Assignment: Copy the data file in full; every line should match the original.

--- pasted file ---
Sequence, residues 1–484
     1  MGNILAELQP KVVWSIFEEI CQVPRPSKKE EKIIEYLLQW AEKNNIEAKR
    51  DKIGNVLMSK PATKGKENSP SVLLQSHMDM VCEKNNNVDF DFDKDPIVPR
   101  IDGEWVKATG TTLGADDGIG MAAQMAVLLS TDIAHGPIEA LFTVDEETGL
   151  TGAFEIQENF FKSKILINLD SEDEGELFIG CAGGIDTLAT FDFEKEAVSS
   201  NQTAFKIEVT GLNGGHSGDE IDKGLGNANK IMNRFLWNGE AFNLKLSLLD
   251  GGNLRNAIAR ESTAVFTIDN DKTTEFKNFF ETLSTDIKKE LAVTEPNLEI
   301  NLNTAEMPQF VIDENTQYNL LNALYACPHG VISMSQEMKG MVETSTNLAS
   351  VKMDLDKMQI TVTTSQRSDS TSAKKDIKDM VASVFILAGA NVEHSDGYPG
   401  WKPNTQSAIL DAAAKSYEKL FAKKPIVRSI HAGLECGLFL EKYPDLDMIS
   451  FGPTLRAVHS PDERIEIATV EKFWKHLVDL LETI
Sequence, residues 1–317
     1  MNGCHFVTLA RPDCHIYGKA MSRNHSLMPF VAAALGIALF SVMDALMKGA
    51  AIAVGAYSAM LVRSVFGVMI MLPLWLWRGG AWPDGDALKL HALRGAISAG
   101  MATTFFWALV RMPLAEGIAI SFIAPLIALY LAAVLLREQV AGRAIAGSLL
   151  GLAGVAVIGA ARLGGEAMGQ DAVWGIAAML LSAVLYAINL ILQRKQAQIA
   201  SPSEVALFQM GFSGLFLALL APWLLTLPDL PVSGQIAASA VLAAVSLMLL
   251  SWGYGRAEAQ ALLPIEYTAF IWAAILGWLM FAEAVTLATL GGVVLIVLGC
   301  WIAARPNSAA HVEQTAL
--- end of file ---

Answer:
Sequence, residues 1–484
     1  MGNILAELQP KVVWSIFEEI CQVPRPSKKE EKIIEYLLQW AEKNNIEAKR
    51  DKIGNVLMSK PATKGKENSP SVLLQSHMDM VCEKNNNVDF DFDKDPIVPR
   101  IDGEWVKATG TTLGADDGIG MAAQMAVLLS TDIAHGPIEA LFTVDEETGL
   151  TGAFEIQENF FKSKILINLD SEDEGELFIG CAGGIDTLAT FDFEKEAVSS
   201  NQTAFKIEVT GLNGGHSGDE IDKGLGNANK IMNRFLWNGE AFNLKLSLLD
   251  GGNLRNAIAR ESTAVFTIDN DKTTEFKNFF ETLSTDIKKE LAVTEPNLEI
   301  NLNTAEMPQF VIDENTQYNL LNALYACPHG VISMSQEMKG MVETSTNLAS
   351  VKMDLDKMQI TVTTSQRSDS TSAKKDIKDM VASVFILAGA NVEHSDGYPG
   401  WKPNTQSAIL DAAAKSYEKL FAKKPIVRSI HAGLECGLFL EKYPDLDMIS
   451  FGPTLRAVHS PDERIEIATV EKFWKHLVDL LETI
Sequence, residues 1–317
     1  MNGCHFVTLA RPDCHIYGKA MSRNHSLMPF VAAALGIALF SVMDALMKGA
    51  AIAVGAYSAM LVRSVFGVMI MLPLWLWRGG AWPDGDALKL HALRGAISAG
   101  MATTFFWALV RMPLAEGIAI SFIAPLIALY LAAVLLREQV AGRAIAGSLL
   151  GLAGVAVIGA ARLGGEAMGQ DAVWGIAAML LSAVLYAINL ILQRKQAQIA
   201  SPSEVALFQM GFSGLFLALL APWLLTLPDL PVSGQIAASA VLAAVSLMLL
   251  SWGYGRAEAQ ALLPIEYTAF IWAAILGWLM FAEAVTLATL GGVVLIVLGC
   301  WIAARPNSAA HVEQTAL